Authors: Christoph Bachmann, Martina Franchini, Luuk R. Van den Bersselaar, Nick Kruijt, Nicol C. Voermans, Karlijn Bouman, Erik-Jan Kamsteeg, Karl Christian Knop, Lucia Ruggiero, Lucio Santoro, Yoram Nevo, Jo Wilmshurst, John Vissing, Michael Sinnreich, Daniele Zorzato, Francesco Muntoni, Heinz Jungbluth, Francesco Zorzato, and Susan Treves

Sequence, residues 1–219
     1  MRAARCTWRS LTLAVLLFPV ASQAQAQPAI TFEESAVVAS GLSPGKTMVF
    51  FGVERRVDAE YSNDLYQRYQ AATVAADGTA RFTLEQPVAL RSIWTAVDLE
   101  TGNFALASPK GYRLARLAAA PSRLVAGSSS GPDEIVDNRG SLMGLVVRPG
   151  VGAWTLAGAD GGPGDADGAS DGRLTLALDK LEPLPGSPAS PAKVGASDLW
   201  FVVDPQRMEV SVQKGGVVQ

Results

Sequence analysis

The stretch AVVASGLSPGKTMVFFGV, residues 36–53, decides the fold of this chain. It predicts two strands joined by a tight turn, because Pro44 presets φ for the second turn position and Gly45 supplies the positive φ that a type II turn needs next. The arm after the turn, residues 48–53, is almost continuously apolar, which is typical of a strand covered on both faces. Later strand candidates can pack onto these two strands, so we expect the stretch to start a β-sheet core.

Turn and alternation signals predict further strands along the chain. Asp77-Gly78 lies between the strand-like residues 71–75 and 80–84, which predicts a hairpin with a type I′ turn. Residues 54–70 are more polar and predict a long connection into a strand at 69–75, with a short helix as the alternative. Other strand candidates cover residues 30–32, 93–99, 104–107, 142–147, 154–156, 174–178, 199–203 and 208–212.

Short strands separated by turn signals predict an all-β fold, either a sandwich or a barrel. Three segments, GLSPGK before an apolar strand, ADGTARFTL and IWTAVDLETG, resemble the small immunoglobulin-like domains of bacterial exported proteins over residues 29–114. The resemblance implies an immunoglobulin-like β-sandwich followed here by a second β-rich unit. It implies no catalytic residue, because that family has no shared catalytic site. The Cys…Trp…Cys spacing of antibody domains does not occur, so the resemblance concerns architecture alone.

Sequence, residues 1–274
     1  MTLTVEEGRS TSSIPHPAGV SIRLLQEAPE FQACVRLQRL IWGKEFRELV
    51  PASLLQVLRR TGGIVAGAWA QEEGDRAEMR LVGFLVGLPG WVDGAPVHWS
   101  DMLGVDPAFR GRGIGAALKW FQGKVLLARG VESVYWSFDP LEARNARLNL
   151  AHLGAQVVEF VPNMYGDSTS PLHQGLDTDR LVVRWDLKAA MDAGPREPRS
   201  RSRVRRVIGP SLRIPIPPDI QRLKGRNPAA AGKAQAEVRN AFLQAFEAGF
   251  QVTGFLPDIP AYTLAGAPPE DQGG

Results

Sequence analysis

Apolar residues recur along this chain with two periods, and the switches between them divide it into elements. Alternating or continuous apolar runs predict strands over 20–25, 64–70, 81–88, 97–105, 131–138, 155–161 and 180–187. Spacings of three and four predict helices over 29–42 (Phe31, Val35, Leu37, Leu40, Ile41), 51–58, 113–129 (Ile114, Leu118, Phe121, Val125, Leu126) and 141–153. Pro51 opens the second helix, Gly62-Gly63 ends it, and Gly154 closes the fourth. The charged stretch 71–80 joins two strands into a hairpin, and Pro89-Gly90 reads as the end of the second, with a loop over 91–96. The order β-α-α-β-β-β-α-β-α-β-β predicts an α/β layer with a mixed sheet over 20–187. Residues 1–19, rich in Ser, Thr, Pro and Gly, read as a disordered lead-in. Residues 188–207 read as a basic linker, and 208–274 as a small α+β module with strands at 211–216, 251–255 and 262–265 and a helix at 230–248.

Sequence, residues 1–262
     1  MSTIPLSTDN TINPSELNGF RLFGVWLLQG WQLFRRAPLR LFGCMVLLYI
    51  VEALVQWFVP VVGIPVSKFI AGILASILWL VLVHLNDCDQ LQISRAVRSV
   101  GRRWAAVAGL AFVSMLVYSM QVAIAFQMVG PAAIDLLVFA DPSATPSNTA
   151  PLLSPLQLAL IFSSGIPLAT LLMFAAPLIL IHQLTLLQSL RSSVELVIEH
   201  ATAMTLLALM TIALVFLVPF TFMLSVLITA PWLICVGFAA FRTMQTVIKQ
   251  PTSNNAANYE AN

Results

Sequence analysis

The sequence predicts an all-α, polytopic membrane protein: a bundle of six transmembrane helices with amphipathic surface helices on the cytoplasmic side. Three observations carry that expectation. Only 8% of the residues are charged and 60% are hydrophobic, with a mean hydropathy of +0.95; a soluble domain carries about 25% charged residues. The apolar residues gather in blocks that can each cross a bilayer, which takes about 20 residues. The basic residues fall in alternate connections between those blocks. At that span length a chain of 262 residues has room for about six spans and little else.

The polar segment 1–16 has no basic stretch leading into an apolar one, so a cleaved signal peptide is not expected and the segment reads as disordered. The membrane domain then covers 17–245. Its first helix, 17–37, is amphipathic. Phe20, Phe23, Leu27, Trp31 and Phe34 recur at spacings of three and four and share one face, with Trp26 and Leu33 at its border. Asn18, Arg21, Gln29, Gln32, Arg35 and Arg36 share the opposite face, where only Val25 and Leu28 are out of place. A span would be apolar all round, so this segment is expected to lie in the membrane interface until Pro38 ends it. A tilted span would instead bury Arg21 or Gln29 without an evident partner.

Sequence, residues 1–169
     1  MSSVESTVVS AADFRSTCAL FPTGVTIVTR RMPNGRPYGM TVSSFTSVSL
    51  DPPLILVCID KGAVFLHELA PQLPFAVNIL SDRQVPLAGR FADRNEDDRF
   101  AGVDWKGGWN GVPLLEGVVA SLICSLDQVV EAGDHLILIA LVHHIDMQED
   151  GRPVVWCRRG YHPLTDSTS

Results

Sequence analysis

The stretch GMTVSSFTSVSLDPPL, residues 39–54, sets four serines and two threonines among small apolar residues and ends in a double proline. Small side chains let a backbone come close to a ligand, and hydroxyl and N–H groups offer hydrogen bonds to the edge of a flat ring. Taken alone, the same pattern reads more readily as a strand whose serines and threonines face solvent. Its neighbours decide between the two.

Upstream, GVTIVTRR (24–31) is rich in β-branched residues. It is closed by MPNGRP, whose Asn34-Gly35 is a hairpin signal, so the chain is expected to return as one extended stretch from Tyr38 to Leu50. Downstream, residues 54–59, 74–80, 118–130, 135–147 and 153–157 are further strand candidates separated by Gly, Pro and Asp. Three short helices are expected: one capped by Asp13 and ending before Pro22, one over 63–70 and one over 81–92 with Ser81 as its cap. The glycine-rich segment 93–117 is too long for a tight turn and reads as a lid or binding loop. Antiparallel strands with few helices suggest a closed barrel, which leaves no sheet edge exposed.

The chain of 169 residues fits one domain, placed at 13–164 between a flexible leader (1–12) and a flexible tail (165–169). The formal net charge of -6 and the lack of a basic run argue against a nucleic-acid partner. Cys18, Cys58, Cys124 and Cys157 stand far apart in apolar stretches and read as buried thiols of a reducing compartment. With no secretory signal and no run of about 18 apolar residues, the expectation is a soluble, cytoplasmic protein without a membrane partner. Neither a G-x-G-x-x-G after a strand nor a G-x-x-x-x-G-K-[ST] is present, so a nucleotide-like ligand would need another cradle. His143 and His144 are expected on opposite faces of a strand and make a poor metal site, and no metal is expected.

Congenital myopathies are a group of early onset muscle diseases of variable severity often with characteristic muscle biopsy findings and involvement of specific muscle types. The clinical diagnosis of patients typically relies on histopathological findings and is confirmed by genetic analysis. The most commonly mutated genes encode proteins involved in skeletal muscle excitation–contraction coupling, calcium regulation, sarcomeric proteins and thin–thick filament interaction. However, mutations in genes encoding proteins involved in other physiological functions (for example mutations in SELENON and MTM1, which encode for ubiquitously expressed proteins of low tissue specificity) have also been identified. This intriguing observation indicates that the presence of a genetic mutation impacts the expression of other genes whose product is important for skeletal muscle function. The aim of the present investigation was to verify if there are common changes in transcript and microRNA expression in muscles from patients with genetically heterogeneous congenital myopathies, focusing on genes encoding proteins involved in excitation–contraction coupling and calcium homeostasis, sarcomeric proteins, transcription factors and epigenetic enzymes. Our results identify RYR1, ATPB2B and miRNA-22 as common transcripts whose expression is decreased in muscles from congenital myopathy patients. The resulting protein deficiency may contribute to the muscle weakness observed in these patients. This study also provides information regarding potential biomarkers for monitoring disease progression and response to pharmacological treatments in patients with congenital myopathies.